Friday, October 31, 2014

Happy Birthday Nevada

We gave a few scares but it didn't stop us from handing out lots of candy at Old Nevada Days at Tule Springs Floyd Lamb Park. This inaugural Horses for Heroes Harvest Festival was complete with a pumpkin patch and wagon rides, a costume contest and Floyd Lamb's historic landmark buildings. This Birthday/Halloween party was a fantastic way to celebrate Nevada, 150 years strong.

Thursday, October 30, 2014

Sunday, October 19, 2014

Community Garden Sunday

Made a visit to our plot over at the Master Gardeners of Southern Nevada's Community Garden at Floyd Lamb Park. I planted this plot near the end of August and was able to harvest a bunch of the basil that I'd planted. Actually I HAD to harvest because it was getting so crowded that there wasn't enough sunlight getting to the tomato plants that are growing right next to them. Now that I've thinned out the basil bushes, we should start to see some more sun bathed ripe tomatoes!

When life gives me way too much basil, I make basil pesto.

What you'll need:
  • Food Processor
  • Basil (leaves only)
  • Sea salt
  • Garlic cloves
  • Pine nuts
  • Olive oil
Combine all ingredients into the food processor and process until desired consistency. Add more olive oil for use on pastas or potatoes. Use as a paste on pizza, appetizers or sandwiches. Yum!

Pancakes are Delicious

And these tiny syrup jars can house more than the maple-y goodness that dons your Sunday morning indulgence.

This little planting pleasure started with a cup of coffee and a fantastic breakfast at Eat, the downtown breakfast and lunch spot that's been featured on The Cooking Channel's show, Road Trip with G. Garvin.
After a few weeks and more than a few stacks of pancakes, I finally worked up the nerve to ask Natalie, the restaurant owner, if I could come pick up some of her jars for a project.

Succulents are a good pick for this small of a growing space. Since there's no way for the water to drain out of the soil in these jars, you really can't water very much or very often. Succulents are so drought-friendly that you can get away with watering only once a month and still have a nice green addition to your space.

What you'll need:

  • small glass jars for planting (jam, jelly, syrup or pretty much anything that strikes your fancy)
  • cactus and succulent soil mix
  • a tiny cactus or succulent (cuttings from other succulents would work wonderfully)
  • ribbon or twine for decoration (optional)
How to:

Make sure to thoroughly clean your jars to avoid growing something that you did not intend to.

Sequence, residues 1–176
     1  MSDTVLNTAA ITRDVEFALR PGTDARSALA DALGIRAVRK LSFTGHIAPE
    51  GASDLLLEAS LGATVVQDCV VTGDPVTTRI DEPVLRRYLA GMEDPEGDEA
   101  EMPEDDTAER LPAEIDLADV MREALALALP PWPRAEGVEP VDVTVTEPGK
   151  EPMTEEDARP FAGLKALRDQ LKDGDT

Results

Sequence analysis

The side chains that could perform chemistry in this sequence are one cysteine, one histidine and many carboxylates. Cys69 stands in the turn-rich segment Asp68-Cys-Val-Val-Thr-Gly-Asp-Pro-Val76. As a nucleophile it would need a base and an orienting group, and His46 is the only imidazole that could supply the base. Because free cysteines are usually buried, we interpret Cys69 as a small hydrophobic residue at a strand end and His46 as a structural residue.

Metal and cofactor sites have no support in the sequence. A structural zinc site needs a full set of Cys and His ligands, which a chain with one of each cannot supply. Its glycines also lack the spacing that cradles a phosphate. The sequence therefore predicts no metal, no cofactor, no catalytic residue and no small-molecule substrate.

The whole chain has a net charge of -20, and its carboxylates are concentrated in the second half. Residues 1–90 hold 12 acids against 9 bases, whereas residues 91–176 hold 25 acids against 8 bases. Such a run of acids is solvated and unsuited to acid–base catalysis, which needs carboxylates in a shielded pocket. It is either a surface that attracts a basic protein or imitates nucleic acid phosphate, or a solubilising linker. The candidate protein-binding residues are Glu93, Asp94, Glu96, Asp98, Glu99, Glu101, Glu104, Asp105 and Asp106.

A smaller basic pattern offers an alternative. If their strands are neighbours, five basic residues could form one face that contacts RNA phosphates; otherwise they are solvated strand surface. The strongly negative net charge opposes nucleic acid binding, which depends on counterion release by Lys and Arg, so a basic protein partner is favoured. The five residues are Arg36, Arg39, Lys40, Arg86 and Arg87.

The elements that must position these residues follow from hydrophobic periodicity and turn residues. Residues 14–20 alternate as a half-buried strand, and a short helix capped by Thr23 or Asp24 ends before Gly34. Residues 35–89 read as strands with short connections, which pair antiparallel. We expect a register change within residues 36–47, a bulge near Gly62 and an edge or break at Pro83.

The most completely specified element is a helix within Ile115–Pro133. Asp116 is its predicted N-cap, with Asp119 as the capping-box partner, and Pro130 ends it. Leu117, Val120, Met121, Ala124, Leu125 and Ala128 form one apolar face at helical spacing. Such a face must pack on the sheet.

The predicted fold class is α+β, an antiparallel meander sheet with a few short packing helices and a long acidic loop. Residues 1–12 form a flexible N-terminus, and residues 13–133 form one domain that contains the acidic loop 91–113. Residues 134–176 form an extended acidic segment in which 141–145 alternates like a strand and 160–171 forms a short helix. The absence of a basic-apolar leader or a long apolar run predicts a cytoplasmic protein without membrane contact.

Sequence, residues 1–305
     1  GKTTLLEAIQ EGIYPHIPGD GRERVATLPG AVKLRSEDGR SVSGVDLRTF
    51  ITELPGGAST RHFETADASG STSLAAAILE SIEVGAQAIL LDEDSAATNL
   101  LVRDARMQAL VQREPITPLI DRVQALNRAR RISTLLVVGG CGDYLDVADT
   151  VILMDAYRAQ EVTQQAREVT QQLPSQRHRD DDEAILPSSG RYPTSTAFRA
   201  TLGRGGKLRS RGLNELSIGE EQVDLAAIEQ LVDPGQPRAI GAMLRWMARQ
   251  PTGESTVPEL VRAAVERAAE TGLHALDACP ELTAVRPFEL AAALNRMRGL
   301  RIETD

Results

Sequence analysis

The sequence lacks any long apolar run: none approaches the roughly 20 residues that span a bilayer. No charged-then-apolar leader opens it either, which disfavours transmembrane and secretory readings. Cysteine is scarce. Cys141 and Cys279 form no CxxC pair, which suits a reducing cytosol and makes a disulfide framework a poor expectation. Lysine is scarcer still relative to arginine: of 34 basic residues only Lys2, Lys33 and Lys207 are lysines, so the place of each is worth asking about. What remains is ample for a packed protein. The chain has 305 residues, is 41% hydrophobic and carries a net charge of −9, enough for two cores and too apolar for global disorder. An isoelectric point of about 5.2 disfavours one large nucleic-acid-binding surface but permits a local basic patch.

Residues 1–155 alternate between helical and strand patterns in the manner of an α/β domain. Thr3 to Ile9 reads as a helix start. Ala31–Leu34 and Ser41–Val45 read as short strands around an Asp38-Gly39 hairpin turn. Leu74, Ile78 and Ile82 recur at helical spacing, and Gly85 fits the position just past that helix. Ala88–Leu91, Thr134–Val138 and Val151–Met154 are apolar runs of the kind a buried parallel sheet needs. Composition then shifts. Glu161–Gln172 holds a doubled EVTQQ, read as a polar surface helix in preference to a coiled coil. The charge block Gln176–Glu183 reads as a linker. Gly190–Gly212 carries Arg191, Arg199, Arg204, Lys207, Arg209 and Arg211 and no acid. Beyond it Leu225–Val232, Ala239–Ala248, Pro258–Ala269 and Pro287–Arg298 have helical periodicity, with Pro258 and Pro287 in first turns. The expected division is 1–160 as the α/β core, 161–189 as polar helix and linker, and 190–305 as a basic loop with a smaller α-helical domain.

If you're growing from a cutting, let the piece that you've cut dry out on the bottom for at least a day before putting it into the soil. 
Fill up your jar to a half inch from the top (maybe a couple tablespoons of soil). Place your cutting, cut side down, into the soil and use a couple pinches of additional soil to help fill in around the cutting. 
Water in with about 2-3 tablespoons of water and mark your calendar to water again one month from the day.

If you'll be planting a new succulent or cactus make sure to purchase as small of a container as possible. A 2" size is usually the smallest you can find. Pull the plant out and lightly tap some of the soil away from the root ball. You'll have to do a little squeezing into the jar but you probably won't have to add any additional soil. Again, be careful not to water more than once a month indoors or twice a month outdoors in an area sheltered from too much wind or sun. (Avoid afternoon sun entirely)

Get creative and jazz up your jars with ribbon or twine to add your own touch. These also make great gifts!

Happy Planting!

Saturday, October 18, 2014

Seed Bombs Away!

We had a great time making burlap seed bombs with the kids at the Southern Highlands Fall Festival on Saturday! The weather was perfect for a day in the park with lots of candy, games, bouncy houses, and music.

Star Nursery was there spreading the word about our Kids Garden Club and getting everyone revved up for the Fall Planting season.

Inspired by a group of Guerrila gardeners in San Diego , we decided that this would be a great time of year to try our hands at our own Las Vegas version of a seed bomb. Faced with a few more challenges than southern California, we have to tweak our strategy to improve the chances of germination. Here's what we came up with!

Burlap Seed Bombs:

  • 6"x6" piece of burlap
  • handful of potting soil
  • pinch of wildflower seeds
  • natural twine (to tie)
Place a small handfull of soil directly in the center of the burlap.
Put just a tiny pinch of seeds into the center of the soil.
Fold in the corners of the burlap so that the soil doesn't fall out.
Tie the twine around the top to secure.
Plant your bomb into the ground or into a pot, bottom side up making sure to cover it with a thin layer of soil.
Water everyday to keep the soil evenly moist.

Look out for flower bombs exploding in a space near you!

Thursday, October 9, 2014

Kay Carl, Meet Oakie.

Spent a super sunny day out at Kay Carl Elementary School to plant a Southern Live Oak Tree (which the students enthusiastically named Oakie) in the parking lot in front of the school as part of a collaborative effort to teach our children more about trees. 


Tommy Mac of PBS's "Rough Cut" in conjunction with the Hardwood Forest Foundation and Truth About Trees are traveling the nation educating our youth on the facts about growing and responsibly harvesting hardwood trees for a multitude of uses. They led the students in activities to recognize things that are made from trees that we use everyday and a simulation of what happens to old trees in a densely populated forest.  They concluded the day's presentation with a sing along song to help them remember what they'd learned.